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Public Token Allocations Are Down 12% in Three Months
Dfinity, an ICO to create a decentralized world cloud computer, came in for flak this week after details of its public sale were revealed. It was reportedly seeking to raise $350 million from the public in return for 10% of the tokens. This would effectively value the company, which has yet to create a working product, at $3.5 billion. To add insult to injury, the public would be paying 200x the rate that Dfinity had charged their friends and family for tokens during the private sale round.
Dfinity has promised to release an official statement on the matter, presumably in a bid to justify its valuation and deep discounting. If these figures are confirmed to be accurate, they represent an extreme case, but are indicative of a more gradual trend: ICOs are selling less tokens to the public and keeping more to themselves and their advisors. News.Bitcoin.com has tracked average public token allocations since 2017, and found that this figure has dropped steadily since November. In February, the public received just 43% of all tokens issued on average, down from 55% in November.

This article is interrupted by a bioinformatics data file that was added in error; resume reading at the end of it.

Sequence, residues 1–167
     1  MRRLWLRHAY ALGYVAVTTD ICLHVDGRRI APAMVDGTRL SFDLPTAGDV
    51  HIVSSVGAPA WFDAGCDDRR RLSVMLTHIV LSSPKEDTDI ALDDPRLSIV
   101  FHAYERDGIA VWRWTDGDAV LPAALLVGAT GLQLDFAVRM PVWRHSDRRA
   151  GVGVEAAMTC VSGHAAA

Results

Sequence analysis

Less Pie for the People
When the concept of the Initial Coin Offering was born, the notion was that the bulk of the tokens would be sold to the public and the project team would keep a small percentage to themselves to cover their wages for the next couple of years while they set about building the platform. Then, last year, some crowdsales started keeping an additional portion of tokens to incentivize dapp development or as a fund for onboarding new users. Instead of those costs coming out of the money raised by the crowd, they were now being counted as a separate deductible, leaving less tokens for the public.
News.Bitcoin.com examined the token allocation for 105 ICOs, each of which raised over $20 million. ICOs above that threshold tend to have more hype and thus can get away with issuing a lower percentage of tokens to the public. The average public token allocation for all 105 ICOs comes to 49%, a figure which includes pre-sale allocations that were open to the public. The actual percentage offered from project to project differs wildly. Some crowdsales, such as Elastos, 0Chain, and Fusion offered less than 25% of all tokens to the public, while EOS, Crypto20, Polybius, and Envion all sold more than 80%.
Because the average amount raised per ICO has been increasing, prior to November 2017 the sample set (based on crowdsales that raised >$20m) is too small to draw any meaningful conclusions. Between November 2017 and February 2018, however, the data is clear: the public’s average allocation has been dropping every month. Less pie for the people. More pie for the projects.
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